Bob Gwizdz: St. Clair River nets solid, succulent walleye

Bob Gwizdz

ALGONAC — It has been my very good fortune to have become buddies with Mark Martin decades ago. Martin, who is Michigan’s best-known walleye pro, regularly invites me to tag along when he has an event — a tournament or fishing school — coming up, as he pre-fishes. So when he called and asked if I wanted to spend a day on the St. Clair River recently, well, how could I pass it up?

Martin, who was fishing with Steve Berry — a guy I’ve known for years but never fished with — was checking out the river for the first time in 26 years; he’d last fished there with Gary Roach back in the Professional Walleye Trail days. It was a different river then.

Starting with virtually no intel — a buddy had told him there were some fish in the area around the ferry to Harsens Island in 28 to 38 feet of water — we started drifting downstream, soaking jigs. We started catching them almost immediately. It took about two-and-a-half hours to put a three-man limit in the boat.

“I can tell you this: When Roach and I fished it back in the PWT we didn’t catch 10 fish between us,” Martin said. “We caught that many on one pass today.”

Indeed, the fishery was on fire, as it has been all spring. The St. Clair River has become very close to an equal to the Detroit River, which is in my mind the best spring walleye fishery on the planet.

“I think it’s phenomenal,” said Martin. “It’s just full of fish.”

We were fishing with 1-ounce, flat sided jigs, which Martin said was a big help.

“There’s more current here than any river,” said Martin, as he stood on the trolling motor to keep us vertical. “The only place I can think of that would be similar is coming out of the locks at Sault Ste. Marie. That would probably equal it.”

The flat-sided jigs “run right in the current,” Martin said. “It moves downstream with the hook right where it needs to be. The river’s moving so fast those fish have only got a millisecond to grab it and when they do, they get it.”

Like many anglers, Martin has begun using heavier jigs for walleyes in the river and has not seen his productivity decrease.

“I used to use smaller jigs,” he said. “I can maintain the boat control well enough to use even a 1/8th-ounce — I’ve been doing this for 40 years. But that bigger jig presents a bigger target. I used to be fanatic about using small jigs because they can suck it in more easily, but my catch rate has picked up. Bigger jigs get more attention. I’ve seen it. In big water and big current you get bigger fish.”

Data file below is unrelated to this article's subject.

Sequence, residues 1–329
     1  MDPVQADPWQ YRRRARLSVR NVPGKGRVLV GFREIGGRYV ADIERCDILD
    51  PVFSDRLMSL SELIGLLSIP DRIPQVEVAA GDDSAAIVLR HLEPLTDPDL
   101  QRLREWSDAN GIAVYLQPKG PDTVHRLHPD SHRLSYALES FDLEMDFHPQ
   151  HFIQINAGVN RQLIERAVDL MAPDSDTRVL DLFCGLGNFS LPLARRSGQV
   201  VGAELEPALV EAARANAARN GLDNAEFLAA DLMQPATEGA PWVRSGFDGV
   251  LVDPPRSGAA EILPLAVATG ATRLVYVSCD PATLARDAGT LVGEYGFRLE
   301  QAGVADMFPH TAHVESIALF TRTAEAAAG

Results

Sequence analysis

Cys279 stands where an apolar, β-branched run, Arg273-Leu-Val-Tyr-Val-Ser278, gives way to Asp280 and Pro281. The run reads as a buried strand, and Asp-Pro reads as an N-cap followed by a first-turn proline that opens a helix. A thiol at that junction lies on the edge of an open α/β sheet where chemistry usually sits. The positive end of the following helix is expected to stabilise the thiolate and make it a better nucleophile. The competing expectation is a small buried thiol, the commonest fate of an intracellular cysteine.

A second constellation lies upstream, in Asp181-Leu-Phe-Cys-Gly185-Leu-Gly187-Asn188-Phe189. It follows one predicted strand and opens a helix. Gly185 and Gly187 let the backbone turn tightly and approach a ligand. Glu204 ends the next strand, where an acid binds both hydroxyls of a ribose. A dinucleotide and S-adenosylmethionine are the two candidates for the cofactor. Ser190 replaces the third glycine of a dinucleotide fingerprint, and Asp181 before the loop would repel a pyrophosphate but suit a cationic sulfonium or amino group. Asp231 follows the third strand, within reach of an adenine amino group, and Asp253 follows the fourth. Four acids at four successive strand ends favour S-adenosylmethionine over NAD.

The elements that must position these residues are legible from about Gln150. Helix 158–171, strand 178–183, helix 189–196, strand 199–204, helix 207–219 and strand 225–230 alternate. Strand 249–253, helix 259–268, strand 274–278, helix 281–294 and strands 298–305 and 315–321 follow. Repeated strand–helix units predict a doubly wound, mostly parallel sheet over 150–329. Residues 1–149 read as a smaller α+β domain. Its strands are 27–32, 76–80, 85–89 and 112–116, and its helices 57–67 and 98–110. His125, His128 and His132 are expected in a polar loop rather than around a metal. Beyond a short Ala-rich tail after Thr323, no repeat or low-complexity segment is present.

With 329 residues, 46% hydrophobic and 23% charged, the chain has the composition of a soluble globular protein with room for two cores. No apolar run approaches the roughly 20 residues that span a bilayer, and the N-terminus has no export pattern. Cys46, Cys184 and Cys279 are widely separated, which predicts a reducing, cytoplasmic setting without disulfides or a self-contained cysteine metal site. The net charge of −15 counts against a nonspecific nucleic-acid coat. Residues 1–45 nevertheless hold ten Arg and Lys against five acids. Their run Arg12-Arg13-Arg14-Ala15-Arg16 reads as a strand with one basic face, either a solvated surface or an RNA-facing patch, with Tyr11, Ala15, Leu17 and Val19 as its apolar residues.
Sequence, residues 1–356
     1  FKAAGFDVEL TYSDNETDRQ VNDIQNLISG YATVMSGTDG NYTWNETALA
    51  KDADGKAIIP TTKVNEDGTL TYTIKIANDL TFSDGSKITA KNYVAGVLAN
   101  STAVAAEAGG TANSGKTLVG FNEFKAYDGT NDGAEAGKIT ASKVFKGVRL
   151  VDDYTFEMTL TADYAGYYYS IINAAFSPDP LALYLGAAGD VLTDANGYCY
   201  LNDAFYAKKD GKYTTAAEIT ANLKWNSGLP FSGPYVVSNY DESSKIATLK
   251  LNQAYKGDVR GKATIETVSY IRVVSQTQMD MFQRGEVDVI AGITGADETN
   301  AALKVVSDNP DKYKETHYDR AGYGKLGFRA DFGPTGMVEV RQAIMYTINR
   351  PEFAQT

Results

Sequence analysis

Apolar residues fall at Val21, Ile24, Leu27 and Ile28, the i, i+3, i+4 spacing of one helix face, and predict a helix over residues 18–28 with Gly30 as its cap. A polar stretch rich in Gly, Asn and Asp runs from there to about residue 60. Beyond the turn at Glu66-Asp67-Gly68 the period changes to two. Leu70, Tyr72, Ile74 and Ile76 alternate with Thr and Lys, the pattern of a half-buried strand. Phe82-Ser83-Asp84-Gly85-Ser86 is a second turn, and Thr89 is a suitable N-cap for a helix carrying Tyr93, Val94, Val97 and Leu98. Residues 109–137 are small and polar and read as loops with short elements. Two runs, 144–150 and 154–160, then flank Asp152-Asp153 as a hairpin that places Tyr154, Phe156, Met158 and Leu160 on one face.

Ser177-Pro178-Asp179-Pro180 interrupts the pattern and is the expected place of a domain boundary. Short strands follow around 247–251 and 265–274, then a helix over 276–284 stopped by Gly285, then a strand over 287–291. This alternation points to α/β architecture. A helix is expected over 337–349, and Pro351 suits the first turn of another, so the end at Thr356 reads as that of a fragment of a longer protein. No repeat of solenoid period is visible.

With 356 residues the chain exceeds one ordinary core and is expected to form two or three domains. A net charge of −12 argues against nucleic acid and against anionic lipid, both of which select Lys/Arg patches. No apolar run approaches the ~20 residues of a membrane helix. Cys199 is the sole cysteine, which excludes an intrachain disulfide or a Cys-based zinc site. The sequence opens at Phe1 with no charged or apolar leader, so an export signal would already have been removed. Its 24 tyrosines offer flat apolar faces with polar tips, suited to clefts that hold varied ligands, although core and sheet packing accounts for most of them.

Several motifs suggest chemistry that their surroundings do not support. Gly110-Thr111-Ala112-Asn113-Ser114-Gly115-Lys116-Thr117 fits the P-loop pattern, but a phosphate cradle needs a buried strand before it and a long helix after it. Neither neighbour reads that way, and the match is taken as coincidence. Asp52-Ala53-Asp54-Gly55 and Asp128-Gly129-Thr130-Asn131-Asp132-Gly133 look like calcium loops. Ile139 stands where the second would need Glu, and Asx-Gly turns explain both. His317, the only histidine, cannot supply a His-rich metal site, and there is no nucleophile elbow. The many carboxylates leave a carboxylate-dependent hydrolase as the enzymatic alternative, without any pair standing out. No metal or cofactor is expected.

Well, we weren’t doing that. We were catching mostly 17-inch fish. The biggest were about 3 pounds.

That’s always been the knock on the St. Clair River. The giant walleye that made the Detroit River legendary are fewer and much farther between here than they are in the Detroit (which is also not producing the giants at the rate it used to these days). But they were the fish you want for the table: solid, succulent keepers.

We’d started out in the middle channel — if you are familiar with the upper end of the Lake St. Clair system, the river braids into three channels coming into the lake — and after we scored a three-man limit (18 ‘eyes), we moved upstream into the river proper to see if we could find some bigger (i.e. tournament-caliber) fish. We fished a couple more hours and landed at least that many more. The upstream fish were slightly bigger, though they weren’t the kind of fish that would win a tournament.

Still, catching 40 or so walleyes in five hours of fishing is nothing to sneeze at, “especially this time of year,” Martin said.

That’s always been the plus side of the St. Clair River. The walleyes seem to stay in the river all summer, more so than in the Detroit River.

“They must have a good food source, minnows that move in from the creeks,” Martin said. “I don’t think the walleyes ever move out of here.”

I’ve been fishing the channels, as well as the river proper, for bass, usually in late summer, for many years and it usually produces a few walleyes, too, as a by-catch when dragging tubes for smallmouths. Some bass guys tell me they’ve had days when they couldn’t keep the walleyes off. Martin said that the key to catching the ‘eyes is to fish a little deeper than you would for bass.

We fished from around 30 to 38 feet of water. Our best fishing came in 33 to 34 feet. Martin said that’s where there was the best slope on the bottom. “It must have been how they dredged the channel,” he said.

Martin said he’s sold on the St. Clair River.

“It’s phenomenal,” he said. “If people want to catch a lot of walleyes and have a good time, this is the place. Someone who is just learning can master vertical jigging here in a day’s time.”

The only mistake we made, Martin said in retrospect, was staying with the jigs all day.

“We should have used some spoons,” he said. “I had some in the boat. Maybe we we’d have caught bigger fish. I would have liked to have seen what would have happened.”

Bob Gwizdz is a longtime outdoors writer and has also worked in public affairs for the Michigan Department of Natural Resources.